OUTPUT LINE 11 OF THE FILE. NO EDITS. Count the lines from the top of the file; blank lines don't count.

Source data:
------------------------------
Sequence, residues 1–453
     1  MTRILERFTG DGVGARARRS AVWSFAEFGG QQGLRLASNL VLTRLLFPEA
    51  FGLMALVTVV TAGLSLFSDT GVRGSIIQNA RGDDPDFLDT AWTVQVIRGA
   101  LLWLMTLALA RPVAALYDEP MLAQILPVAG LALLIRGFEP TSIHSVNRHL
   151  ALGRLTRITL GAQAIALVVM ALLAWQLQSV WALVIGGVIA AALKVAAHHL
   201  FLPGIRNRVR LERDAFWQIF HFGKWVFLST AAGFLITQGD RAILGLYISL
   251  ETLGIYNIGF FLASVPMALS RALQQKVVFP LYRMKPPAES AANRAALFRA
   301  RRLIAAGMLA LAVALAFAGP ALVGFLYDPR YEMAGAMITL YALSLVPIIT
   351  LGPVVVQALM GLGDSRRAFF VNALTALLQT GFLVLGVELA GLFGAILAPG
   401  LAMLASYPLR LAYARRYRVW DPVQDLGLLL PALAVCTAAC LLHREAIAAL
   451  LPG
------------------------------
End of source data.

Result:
   451  LPG